VERY EARLY BIRD UNTIL SEPTEMBER 5: ✓ Save up to €200 ✓ 10% Team Discount ✓ 15% CPSA Discount


iSAQB Software Architecture Gathering — Digital 2021

Past, Present and Future of Software Architecture - Interview With Neal Ford

You refer to yourself as “meme wrangler.” What special activities and obligations do you associate with this role?

Neal Ford: For better or worse, ThoughtWorks allows people to choose their own titles for business cards, the only caveat being that you only get one set, meaning you have to live with your choice until you run out of that set, then you can get more. My first set of business cards at ThoughtWorks had my title as “Application Architect”, which was what I was hired as. But I came to dislike that title for two reasons: first, at the time, “architect” was a dirty word amongst many developers at ThoughtWorks, because of the second reason I’ll posit in a bit. When I met someone in the hallway, he congenially asked my name and what I was hired for, to which I replied “Architect”, which caused him to snort “We don’t have Architects at ThoughtWorks” and walk away. The second reason I came to dislike that title was because, over time, I came to realize that, in many organizations, “Application Architect” actually means “Post Useful” – spends more time in Visio than an IDE.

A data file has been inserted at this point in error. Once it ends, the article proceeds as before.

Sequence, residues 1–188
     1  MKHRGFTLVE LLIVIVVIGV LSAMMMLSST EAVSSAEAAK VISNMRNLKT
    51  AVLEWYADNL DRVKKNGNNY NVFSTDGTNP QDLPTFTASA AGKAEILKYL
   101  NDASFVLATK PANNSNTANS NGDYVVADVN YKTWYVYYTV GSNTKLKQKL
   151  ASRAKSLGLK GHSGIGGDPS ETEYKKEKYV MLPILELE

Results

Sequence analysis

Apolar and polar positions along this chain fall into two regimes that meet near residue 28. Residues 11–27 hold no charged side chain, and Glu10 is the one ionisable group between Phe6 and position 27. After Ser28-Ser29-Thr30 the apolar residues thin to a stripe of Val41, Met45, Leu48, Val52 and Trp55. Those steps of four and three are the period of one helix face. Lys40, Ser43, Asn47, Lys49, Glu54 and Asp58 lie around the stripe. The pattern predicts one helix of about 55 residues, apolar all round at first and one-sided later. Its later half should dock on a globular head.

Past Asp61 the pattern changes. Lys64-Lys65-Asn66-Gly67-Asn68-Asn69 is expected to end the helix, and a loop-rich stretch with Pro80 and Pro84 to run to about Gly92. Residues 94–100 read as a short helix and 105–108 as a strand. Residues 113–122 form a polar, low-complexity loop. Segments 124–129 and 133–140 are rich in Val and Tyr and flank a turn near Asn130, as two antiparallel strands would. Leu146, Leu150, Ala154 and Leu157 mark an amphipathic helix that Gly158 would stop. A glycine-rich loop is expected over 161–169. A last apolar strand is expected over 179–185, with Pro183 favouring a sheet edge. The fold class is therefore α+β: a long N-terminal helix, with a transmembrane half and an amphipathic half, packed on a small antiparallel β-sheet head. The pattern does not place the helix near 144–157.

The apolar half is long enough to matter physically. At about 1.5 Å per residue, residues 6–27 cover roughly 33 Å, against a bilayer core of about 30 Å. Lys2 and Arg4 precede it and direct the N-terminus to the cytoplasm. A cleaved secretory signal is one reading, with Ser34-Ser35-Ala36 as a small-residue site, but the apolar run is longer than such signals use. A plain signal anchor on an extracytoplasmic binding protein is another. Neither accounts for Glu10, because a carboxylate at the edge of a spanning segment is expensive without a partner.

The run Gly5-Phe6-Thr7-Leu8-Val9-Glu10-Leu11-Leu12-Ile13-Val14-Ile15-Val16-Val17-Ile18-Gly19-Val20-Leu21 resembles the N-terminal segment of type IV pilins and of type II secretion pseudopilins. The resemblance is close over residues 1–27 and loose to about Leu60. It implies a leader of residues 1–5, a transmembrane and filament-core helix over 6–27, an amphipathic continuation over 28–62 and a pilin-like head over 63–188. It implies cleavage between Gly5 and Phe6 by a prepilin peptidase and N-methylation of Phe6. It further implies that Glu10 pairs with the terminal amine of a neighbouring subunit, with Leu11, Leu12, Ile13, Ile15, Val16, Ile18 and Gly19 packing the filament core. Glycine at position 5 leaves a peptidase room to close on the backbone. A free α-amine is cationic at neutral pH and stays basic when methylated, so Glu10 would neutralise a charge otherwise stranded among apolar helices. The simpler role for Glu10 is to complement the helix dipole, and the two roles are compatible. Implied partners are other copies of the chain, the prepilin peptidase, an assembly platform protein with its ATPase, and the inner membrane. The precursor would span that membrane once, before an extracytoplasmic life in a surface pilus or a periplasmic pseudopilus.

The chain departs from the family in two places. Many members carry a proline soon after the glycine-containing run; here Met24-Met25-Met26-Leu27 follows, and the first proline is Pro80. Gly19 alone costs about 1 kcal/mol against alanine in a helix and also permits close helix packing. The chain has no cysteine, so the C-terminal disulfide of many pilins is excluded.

I wanted to more closely reflect what my job was becoming in my second set of business cards, so I chose the very abstract “Meme Wrangler”. From Wikipedia:

A meme is a unit of social information. It is a relatively newly coined term and identifies ideas or beliefs that are transmitted from one person or group of people to another. The concept comes from an analogy: as genes transmit biological information, memes can be said to transmit idea and belief information.

So, as genes are to DNA, memes are to thoughts.

I love the meme meme, so I originally chose “Meme Herder”, and offered that to a mailing list I’m on as a potential new title. Prag Dave Thomas, who’s also on the same mailing list, suggested the much better “Wrangler”, which is more visceral and has more layered meanings. “Wrangler” has two meanings: